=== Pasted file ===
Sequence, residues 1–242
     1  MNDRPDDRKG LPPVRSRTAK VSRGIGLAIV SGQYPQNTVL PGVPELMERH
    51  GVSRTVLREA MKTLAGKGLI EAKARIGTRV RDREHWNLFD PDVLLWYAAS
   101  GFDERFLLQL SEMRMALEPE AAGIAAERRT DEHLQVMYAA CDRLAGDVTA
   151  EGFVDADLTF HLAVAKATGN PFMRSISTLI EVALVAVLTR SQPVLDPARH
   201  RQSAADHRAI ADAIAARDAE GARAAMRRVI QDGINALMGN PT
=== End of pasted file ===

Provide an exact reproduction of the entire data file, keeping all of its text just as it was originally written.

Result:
Sequence, residues 1–242
     1  MNDRPDDRKG LPPVRSRTAK VSRGIGLAIV SGQYPQNTVL PGVPELMERH
    51  GVSRTVLREA MKTLAGKGLI EAKARIGTRV RDREHWNLFD PDVLLWYAAS
   101  GFDERFLLQL SEMRMALEPE AAGIAAERRT DEHLQVMYAA CDRLAGDVTA
   151  EGFVDADLTF HLAVAKATGN PFMRSISTLI EVALVAVLTR SQPVLDPARH
   201  RQSAADHRAI ADAIAARDAE GARAAMRRVI QDGINALMGN PT